Robinson Meyer

Robinson Meyer

Robinson Meyer is a staff writer at The Atlantic, where he covers climate change and technology.

This Is What Adapting to Climate Change Looks Like

PG&E’s blackouts in California are a bleak preview of the disruptions that will become routine in a warmer world.

a photo of solar panels

Five Radical Climate Policies That Most Americans Actually Like

Most registered voters are in favor of spending trillions on weatherized buildings and renewable-energy infrastructure.

This Land Is the Only Land There Is

Here are seven ways of understanding the IPCC’s newest climate warning.

Flying Cars Are Realer, Cheaper, Greener Than You Think

They might even be greener than electric cars.

Sorry, Houseplants Don’t Really Purify the Air in Your Home

The science is clear: Even the most enthusiastic indoor gardeners don’t have enough vegetation to make a difference in air quality.

a photo of people sunbathing on a hot summer day in Central Park in New York City

The New York City of 2080 Will Be as Hot as Arkansas

A new study finds the climate “twin city” for hundreds of places across the United States.

The eye of a hurricane

The Sudden, Shocking Growth of Hurricane Michael

In little more than a day, a Category 1 storm became a “worst-case scenario” Category 4.

Indonesian tsunami damage

Can We Detect Tsunamis Before It’s Too Late?

Even the world’s best system “is really not a technological solution to the problem of a near-field tsunami.”

a girl works on a drawing amid a smoky haze

Will Washington State Voters Make History on Climate Change?

The state could be the first in the union to adopt a carbon price by ballot.

A surfer rides the waves under a hot, setting sun.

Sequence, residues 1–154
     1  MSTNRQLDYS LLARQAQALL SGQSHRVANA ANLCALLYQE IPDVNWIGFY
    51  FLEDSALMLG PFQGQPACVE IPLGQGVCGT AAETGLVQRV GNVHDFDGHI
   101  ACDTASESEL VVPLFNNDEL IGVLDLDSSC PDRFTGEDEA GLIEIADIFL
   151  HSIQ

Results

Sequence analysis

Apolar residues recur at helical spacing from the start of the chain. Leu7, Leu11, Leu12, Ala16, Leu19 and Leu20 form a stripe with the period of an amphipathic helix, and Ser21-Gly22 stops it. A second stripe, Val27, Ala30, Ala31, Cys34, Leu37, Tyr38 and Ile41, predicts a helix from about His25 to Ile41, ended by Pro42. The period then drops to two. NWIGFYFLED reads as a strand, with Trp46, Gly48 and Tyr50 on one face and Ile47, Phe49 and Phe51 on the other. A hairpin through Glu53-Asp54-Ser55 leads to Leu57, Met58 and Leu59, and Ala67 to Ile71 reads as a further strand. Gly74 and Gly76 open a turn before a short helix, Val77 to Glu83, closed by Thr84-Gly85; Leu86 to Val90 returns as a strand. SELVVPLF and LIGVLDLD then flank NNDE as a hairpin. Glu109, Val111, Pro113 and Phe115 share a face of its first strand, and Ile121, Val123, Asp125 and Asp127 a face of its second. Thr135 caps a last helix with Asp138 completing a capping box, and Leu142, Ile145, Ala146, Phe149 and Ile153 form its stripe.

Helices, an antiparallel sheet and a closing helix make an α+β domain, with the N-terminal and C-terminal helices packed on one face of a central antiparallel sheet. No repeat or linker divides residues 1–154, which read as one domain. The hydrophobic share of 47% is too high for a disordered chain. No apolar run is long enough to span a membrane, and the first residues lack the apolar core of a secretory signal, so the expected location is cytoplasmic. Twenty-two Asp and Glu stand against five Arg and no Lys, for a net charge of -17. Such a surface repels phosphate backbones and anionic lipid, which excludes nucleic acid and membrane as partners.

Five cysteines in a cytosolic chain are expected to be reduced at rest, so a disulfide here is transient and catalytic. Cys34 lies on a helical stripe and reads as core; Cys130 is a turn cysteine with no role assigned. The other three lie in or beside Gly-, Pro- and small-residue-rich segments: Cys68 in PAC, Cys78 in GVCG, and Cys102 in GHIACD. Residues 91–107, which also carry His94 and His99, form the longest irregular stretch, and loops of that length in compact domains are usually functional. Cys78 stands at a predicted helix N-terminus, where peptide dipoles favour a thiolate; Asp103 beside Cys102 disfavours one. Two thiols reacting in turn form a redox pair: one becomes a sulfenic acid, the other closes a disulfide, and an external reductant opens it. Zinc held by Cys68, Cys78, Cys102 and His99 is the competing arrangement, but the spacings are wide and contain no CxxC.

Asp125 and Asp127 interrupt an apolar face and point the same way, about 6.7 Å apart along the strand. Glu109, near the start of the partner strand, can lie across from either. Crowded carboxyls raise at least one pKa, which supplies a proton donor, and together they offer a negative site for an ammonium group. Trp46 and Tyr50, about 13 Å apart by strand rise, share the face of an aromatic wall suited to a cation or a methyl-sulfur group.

Climate Change May Cause 26,000 More U.S. Suicides by 2050

Unusually hot days have profound effects on mental health and human physiology.

A plume of ash rises from Kilauea Volcano on May 3, 2018.

In Hawaii, Neighborhoods Are Being Displaced By Lava

Volcanic eruptions like this can have a long-term—and sometimes permanent—impact on the communities that live there.

Trump delivers his first State of the Union address.

Trump Doesn't Mention Climate Change in His State of the Union

“We have endured floods, and fires, and storms,” he said, without saying what made them all worse.

A NOAA satellite captures Hurricane Harvey spinning in the Gulf of Mexico in the days before it made landfall.

Global Warming Really Did Make Hurricane Harvey More Likely

Texas is now six times more likely to see huge, cyclone-related floods than it was in the 1990s.

Joseph Leader, the vice president of the New York MTA, inspects a flooded escalator down to a subway platform in the days after Hurricane Sandy.

How Hurricanes and Climate Change Will Flood New York City

A new study suggests that the next few hundred years won’t be smooth sailing.

A firefighter pulls a hose down a wooded trail.

In a Changing Climate, Will San Francisco Start to Feel Like L.A.?

“The comparison is not a bad one.”

A worker waits for a piece of heavy machinery to pass by at a new coal mine in Friedens, Pennsylvania, in June 2017.

The End of the Clean Power Plan?

The EPA administrator Scott Pruitt has announced a plan to repeal this signature Obama-era policy, which strove to gut power plant emissions 32 percent by 2030.

A firefighter battles the Ponderosa Fire east of Oroville, California, in late August.

Why the West Is Burning

Despite a wet winter, wildfires have spiraled out of control.

A Texas State Park police officer walks on the cracked and drought-wracked lakebed of O.C. Fisher Lake, in San Angelos, Texas

Climate Change Will Intensify Inequality in the U.S.

Global warming will aggravate regional disparities and the South will bear the worst of the costs, according to a revolutionary new economic assessment.

Google's New Product Puts Peer Pressure to a Sunny Use

The company’s “Project Sunroof” now shows you which of your friends have already put solar panels on their roof.

A Visual Search Engine for the Entire Planet

Descartes Labs lets you point-and-hop between features in China and the United States.

The Town Where People Clash With Polar Bears

Arctic warming means more conflict between humans and the giant predators in Churchill, Manitoba.